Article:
This has had a dramatic impact on his closing rate (not to mention saves him a ton of time that used to be spent on sales calls). Marcus discovered that potential customers who viewed 30 pages on his website had an 80% closing rate, compared to the average closing rate of 15-20%. In fact, Marcus has been so successful, the he has created his own blog to help other small businesses benefit from content marketing, called The Sales Lion.
So how can you serve your customers before they become your customers?
For those of you who aren’t already familiar with content marketing, I’m asking you to look at marketing in an entirely new way. Whether it’s through a radical idea like a roof-to-shelf shopping experience, or simply answering your potential customer’s most common questions through a blog, how can you sell customers by serving them?
If you haven’t noticed, I tried to use this article as an example of how to sell by serving. My conversion goal is to get you to visit my website, TheTomatoUpstairs.com, vote for me every day, and tell all of your friends and colleagues to vote for me through your social networks.
I could have made this article about me, and how excited I am about this opportunity, and why I think this is such a great idea. But by (hopefully) serving you and giving you an idea to improve your business, my hope is that you’re more likely to read this article and share it with your friends.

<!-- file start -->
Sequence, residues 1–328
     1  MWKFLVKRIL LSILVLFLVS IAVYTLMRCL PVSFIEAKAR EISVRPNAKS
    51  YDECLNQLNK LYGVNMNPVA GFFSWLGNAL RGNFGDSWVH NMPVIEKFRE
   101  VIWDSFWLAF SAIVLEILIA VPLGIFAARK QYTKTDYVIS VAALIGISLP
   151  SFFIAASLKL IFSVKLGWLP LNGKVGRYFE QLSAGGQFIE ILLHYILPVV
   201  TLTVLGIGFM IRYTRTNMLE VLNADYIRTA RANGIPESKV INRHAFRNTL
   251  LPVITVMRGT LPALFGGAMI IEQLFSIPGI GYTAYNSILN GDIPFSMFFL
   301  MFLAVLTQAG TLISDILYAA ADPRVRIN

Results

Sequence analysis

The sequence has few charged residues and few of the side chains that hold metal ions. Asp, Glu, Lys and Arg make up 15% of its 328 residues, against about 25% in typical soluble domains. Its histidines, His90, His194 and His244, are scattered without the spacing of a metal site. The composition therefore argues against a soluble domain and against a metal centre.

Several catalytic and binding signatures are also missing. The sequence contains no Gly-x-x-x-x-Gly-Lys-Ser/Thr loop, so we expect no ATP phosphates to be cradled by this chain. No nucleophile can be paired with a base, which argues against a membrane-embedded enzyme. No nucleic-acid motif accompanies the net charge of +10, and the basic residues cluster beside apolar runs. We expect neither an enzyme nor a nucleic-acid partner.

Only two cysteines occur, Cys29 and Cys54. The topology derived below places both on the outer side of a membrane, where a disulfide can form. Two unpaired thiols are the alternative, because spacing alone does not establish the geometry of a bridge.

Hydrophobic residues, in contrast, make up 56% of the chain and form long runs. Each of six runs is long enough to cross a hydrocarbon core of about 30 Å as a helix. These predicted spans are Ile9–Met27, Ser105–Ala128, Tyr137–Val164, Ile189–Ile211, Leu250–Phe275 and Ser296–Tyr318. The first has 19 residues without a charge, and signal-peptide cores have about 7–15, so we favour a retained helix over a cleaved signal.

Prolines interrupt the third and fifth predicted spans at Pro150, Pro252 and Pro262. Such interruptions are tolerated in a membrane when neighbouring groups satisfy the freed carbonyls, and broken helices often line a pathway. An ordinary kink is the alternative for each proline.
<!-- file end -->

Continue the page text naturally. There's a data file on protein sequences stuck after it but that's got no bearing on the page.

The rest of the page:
And if you’d like more information about content marketing, here are a few free articles that you might find helpful:
- Content Marketing: 3 tips for how to get started
- The Content Marketing Tipping Point: Marcus Sheridan’s magic number is 30, what is yours?
- Competitive Messaging: Tell your customers what you can’t do
- The Top 12 Content Marketing Tips from 4 Groundbreaking Thought Leaders
- My Blog Made Over 2 Million Dollars in Sales: How’s that for ROI?
Message to my readers from Gail @GrowMap:
If we want a better world we have to be willing to give of ourselves and sometimes all it takes is a minute to go vote daily for a worthy idea. While the other four ideas The Tomato Upstairs is competing against are also excellent, nothing is more important than healthy food.